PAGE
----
The last day of testimony of a federal court hearing on whether Delta would be allowed to continue its 5 daily flights at Dallas Love Field yielded a few more interesting airline industry tidbits and of course, more Kinkeadisms.
-An internal Southwest document in 2007 showed that the airline had a goal of 14 turns per day and thought it could have 200 daily operations at 16 gates at Love Field post-Wright Amendment. However, the airline was only operating 137-seat Boeing 737-300s and 737-500s at the time. Southwest’s vice president of airport affairs Bob Montgomery said he rolled his eyes at those projections.
-Demand for the 180 daily Southwest flights after the lifting of the Wright Amendment restrictions has been unbelievable. “If there were unlimited gates and unlimited runways, I figure that number could be 400 to 500 flights a day,” Montgomery testified. Flights are operating with load factors in the high 80s, low 90s and on some days, Love Field flights are almost 100 percent full, he said.
-“Is the history when Southwest doesn’t get its way, we’re going to stomp our feet, write a letter and go do something else?” the judge asked when shown a letter from Southwest chief executive Gary Kelly where Kelly criticized the city for trying to force Southwest to accommodate Delta and said the company may move its capital investments elsewhere.
Sign Up and Save
Get six months of free digital access to the Star-Telegram
-Southwest put aviation expert Brian Campbell on the witness stand and his analysis of the North Texas aviation market was that 95 percent of residents are within 60 minutes of either Dallas Love Field or Dallas/Fort Worth Airport. With 18 of the 20 gates at Love Field, Southwest has 9.7 percent of the gates in North Texas while American Airlines has 68 percent with 126 gates out of 165 at DFW.
-This case may be far from over, regardless of how Kinkeade rules. “Do you anticipate a jury trial?” Kinkeade asked Delta attorney William Dawson before closing arguments. “Yes,” Dawson said. “I was afraid you were going to say that,” the judge said, adding he anticipates his ruling will be appealed to the 5th Circuit Court.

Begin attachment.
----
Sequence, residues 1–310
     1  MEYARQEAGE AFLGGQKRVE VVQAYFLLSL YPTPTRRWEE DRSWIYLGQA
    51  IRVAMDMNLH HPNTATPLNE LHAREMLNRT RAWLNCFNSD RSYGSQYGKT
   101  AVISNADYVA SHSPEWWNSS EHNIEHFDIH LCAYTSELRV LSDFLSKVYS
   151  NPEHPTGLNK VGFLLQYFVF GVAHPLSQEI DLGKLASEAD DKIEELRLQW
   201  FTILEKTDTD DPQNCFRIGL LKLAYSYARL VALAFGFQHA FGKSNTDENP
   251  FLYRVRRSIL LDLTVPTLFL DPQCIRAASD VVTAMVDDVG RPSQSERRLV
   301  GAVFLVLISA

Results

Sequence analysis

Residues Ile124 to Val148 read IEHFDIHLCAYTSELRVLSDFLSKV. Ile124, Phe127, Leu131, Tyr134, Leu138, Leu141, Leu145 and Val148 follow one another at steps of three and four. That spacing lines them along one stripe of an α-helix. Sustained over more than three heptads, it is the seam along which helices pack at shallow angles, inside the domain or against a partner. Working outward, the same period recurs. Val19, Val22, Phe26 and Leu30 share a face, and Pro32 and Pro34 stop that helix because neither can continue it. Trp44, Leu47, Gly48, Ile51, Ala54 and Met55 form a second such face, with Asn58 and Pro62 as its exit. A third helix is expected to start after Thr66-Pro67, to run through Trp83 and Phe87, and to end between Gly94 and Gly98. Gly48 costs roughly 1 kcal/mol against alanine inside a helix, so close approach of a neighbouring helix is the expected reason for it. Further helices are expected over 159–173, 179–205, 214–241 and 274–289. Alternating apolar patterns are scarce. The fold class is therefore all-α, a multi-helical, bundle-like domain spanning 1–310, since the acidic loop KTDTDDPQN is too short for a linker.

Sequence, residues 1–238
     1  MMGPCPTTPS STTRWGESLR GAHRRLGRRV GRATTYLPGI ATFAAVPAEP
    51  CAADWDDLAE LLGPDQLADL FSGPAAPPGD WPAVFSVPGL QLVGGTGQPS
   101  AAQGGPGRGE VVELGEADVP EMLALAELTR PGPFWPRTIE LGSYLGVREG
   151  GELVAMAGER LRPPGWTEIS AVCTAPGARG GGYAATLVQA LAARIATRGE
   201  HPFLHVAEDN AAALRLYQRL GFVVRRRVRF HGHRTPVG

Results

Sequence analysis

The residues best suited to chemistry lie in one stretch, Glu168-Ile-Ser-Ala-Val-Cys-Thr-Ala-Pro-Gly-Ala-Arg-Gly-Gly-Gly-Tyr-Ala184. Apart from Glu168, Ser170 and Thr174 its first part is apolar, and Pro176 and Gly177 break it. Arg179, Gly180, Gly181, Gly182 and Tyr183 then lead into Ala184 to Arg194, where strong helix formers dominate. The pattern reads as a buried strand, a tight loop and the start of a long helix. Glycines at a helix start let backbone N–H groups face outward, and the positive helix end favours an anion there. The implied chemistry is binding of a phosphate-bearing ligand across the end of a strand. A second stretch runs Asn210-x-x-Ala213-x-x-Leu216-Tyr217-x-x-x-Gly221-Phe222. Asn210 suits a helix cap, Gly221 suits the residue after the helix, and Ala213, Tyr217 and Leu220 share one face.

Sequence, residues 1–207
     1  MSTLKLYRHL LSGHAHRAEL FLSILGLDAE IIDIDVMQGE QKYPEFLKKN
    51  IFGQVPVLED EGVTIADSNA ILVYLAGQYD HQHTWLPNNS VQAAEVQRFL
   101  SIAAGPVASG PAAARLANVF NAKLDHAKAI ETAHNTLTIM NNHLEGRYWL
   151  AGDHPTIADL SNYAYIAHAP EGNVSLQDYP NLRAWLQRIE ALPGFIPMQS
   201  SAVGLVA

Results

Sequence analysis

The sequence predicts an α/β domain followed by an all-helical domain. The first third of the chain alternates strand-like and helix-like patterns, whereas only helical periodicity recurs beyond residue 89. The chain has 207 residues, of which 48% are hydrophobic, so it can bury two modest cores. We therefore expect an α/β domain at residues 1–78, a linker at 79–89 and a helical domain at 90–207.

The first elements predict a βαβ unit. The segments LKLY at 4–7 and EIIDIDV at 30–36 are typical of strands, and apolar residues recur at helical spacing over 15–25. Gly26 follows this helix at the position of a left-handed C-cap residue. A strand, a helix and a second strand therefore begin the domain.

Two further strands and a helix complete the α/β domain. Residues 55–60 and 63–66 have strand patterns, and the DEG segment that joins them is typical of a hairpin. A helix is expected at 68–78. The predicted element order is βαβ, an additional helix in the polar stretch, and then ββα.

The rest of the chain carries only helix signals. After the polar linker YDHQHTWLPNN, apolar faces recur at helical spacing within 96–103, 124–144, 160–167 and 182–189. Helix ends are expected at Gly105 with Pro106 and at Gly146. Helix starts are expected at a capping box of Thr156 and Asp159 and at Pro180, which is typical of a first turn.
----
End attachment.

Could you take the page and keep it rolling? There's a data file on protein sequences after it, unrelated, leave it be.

Last day of Kinkeadisms
-The judge reminisced about the old days of Southwest with Montgomery who has worked at the Dallas-based carrier since 1977. Kinkeade said he had an old Southwest pass that cost $15. “You could just run out to Love Field and jump on a plane.” And he remembered the hot pants. “A girl in our wedding was one of the first flight attendants and she wore those hot pants....those were the days.”
-As Montgomery stated his credentials on the witness stand, he mentioned in passing that he received a masters in theological studies at Ave Maria University in 2002. “We can’t just let that go by,” Kinkeade said. “You’re a Catholic. Are you going to be a priest or what? I just want to know what’s going on.” When Montgomery said he was active at his church and teaches several classes, Kinkeade asked, “Do you have any interest in becoming a Baptist?”
-When discussing the Justice Department’s Hart-Scott-Rodino review of Southwest’s sublease of United’s gates, Kinkeade asked if Southwest ever received a letter from the DOJ saying that it did not object to the sublease or ask for stipulations. The Southwest lawyer said no, since the DOJ simply lets the period when it can file a lawsuit objecting to the lease expire. Kinkeade expressed frustration with the federal government for never issuing HSR letters. “If I ever run for president, I will change that....maybe that’s one of the things I’ll ask when I get to heaven,” Kinkeade mused.
-He gave career advice to Dallas aviation director Mark Duebner, noting that Duebner has overseen several controversial public projects during his time as a city employee. “I’m not trying to advise you on your career, but you’re a valuable guy,” noting that the lawyers in the room are paid a lot to deal with issues like the Love Field gate problems. “Think about it...the city of Dallas is not the easiest place to work for.”
-A buffing competition between Kinkeade, Duebner and Southwest attorney Kent Krabill may be scheduled at a later date. Kinkeade complimented Duebner for installing new flooring at the Love Field terminal. “I want to thank you for replacing carpet with terazzo....that nasty blue carpet, it’s probably in some hazmat container,” Kinkeade said, which prompted him to ask Duebner if he ever used a buffer. Duebner said yes, he had when he worked at Kroger in his youth. “If you know what you’re doing you can do it with one hand....There are three doors at 1st Baptist Irving that I really messed up,” Kinkeade said. Krabill then piped up that “for the record” he had also used a buffer.
-Kinkeade also criticized local politicians and business leaders for crafting the Wright Amendment and subsequent compromise agreement. “It is the most constrained airport in the world....that’s because our politicians have made these really bad choices, really bad, that have put us into a position to not have a competitive market,” Kinkeade said. He went on to say, “Jim Wright jumped into the middle of this. I didn’t...In a competitive kind of world these things would have worked itself out, rather than being in here.”
-There was some debate about what a “new entrant” was in the Love Field lease terms and whether Delta qualifies as a new entrant. Montgomery didn’t think so and the judge knew which airline would qualify. “Baylor Airline would be a new entrant...clearly,” Kinkeade said. “They may expand out of Waco, I want you to know.”